The base of this ecosystem is the Hadoop Distributed File system derived from the Google's whitepaper for Google File System(GFS). Lets take a simple example[2] to understand HDFS. Lets say we have a record containing the phone numbers of all the people in a city. You use say a 5 machines Hadoop Cluster to keep this data. Lets say we want to have a replication factor of 3 which means every chunk of data you have will have 2 extra backup copies stored on different machines. Further lets assume that you divide the hard disks on your 5 machines into 78 pieces. Lets say you store phone numbers of all the people whose names start with 'A' on one piece of a disk and keep its back up on the other two machines. Similary do that to all people's names starting with alphabets 'B'-'Z' In this way you organize your data on the 3 machines.

MapReduce: To generate a report from all the data, you would now need MapReduce codes. The MapReduce API is available opensource for use. But you will have to write some good Java codes to run the map jobes parallely on all those machines and get the results back (Reduce) to generate the final report.

Hive & Pig Frameworks: Writing MapReduce jobs isnt a piece of cake. So, Facebook made the Hive framework allow an easy way to do the same. Hive uses SQL-ish syntax to do things on the data lying on the Hadoop layer below. Pig is a similar framework built by Yahoo but it is more of a data flow language. In Hive a user can specify that data from two tables must be joined with an easy syntax like SQL, but not what join implementation to use. Pig is procedural and though you will have a little more to write there it does allows you the flexibility to specify an implementation of how you would like to join different chunks of data.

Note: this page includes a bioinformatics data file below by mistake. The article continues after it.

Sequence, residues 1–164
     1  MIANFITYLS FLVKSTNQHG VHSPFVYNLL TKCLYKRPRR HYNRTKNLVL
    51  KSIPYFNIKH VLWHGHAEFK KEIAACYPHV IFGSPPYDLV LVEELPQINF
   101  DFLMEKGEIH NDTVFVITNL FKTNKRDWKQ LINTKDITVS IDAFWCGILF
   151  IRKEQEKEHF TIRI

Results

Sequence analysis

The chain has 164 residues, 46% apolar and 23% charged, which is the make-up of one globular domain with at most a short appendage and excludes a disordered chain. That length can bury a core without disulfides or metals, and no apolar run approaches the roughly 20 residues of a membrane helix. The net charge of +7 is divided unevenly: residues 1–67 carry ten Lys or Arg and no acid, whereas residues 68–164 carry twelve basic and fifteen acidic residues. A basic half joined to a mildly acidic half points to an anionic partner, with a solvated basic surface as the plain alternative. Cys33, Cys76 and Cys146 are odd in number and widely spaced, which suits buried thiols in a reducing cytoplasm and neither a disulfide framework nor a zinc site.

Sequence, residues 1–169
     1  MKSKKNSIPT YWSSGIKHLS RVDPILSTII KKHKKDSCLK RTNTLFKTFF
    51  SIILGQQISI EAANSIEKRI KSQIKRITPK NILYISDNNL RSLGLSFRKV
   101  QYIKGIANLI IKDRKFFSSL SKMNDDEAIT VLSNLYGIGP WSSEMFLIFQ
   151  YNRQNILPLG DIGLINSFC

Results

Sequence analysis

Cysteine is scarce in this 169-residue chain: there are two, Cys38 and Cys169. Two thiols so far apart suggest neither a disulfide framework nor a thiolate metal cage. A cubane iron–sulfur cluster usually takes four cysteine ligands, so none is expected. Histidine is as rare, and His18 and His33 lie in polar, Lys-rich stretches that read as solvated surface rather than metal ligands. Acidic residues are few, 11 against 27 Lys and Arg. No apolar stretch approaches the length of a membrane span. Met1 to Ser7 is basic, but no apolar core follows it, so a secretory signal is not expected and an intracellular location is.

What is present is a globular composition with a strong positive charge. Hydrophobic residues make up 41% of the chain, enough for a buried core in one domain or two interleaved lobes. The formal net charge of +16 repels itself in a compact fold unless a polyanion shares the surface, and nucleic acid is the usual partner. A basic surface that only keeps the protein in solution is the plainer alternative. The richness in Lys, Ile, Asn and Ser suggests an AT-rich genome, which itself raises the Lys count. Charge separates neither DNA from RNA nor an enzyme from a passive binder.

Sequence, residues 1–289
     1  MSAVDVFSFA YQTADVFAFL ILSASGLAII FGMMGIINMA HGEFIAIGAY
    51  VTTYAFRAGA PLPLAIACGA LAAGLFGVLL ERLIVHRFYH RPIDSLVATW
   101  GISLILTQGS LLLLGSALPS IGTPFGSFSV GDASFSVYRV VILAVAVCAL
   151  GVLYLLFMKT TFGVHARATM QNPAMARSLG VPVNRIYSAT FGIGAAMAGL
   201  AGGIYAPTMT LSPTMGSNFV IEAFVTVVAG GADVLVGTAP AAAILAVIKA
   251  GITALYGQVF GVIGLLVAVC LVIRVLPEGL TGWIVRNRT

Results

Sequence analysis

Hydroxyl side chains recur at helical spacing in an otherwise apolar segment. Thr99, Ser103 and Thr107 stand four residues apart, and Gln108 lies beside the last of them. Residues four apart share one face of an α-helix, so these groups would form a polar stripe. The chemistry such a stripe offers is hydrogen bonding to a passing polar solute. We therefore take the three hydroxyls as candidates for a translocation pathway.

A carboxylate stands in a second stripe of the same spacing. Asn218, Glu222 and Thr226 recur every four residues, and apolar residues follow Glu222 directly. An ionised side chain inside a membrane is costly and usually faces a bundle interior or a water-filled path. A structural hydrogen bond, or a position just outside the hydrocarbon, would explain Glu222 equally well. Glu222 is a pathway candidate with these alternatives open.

HBase is a NoSQL database that allows you to work the enormous amount of data stored on the Hadoop system. It is a column-oriented database management system. It is well suited for sparse data sets, which are common in many big data use cases. HBase does not support a structured query language like SQL. They are written in Java much like a typical MapReduce application.

ZooKeeper is a centralized infrastructure that helps synchronize across clusters. It maintains common objects needed in large cluster environments. Examples of these objects include configuration information hierarchical naming space, and so on. Applications can leverage these services to coordinate distributed processing across large clusters.

Sqoop can be used to import data from a RDBMS system (say MySQL/Oracle/MsSQL server) into HDFS or vice-versa.

Flume is the tool to gather data from various sources into your Hadoop system. Its mostly used for log data.

Closing Remarks:
To end with I would like to state that I am by no means an expert on big data. In fact I am a beginner just interested in knowing this uber-cool technology. And with this post all I aim is to start a discussion so that we can together start learning it bit by bit! So, if you find a mistake therein, please do help me learn it better :)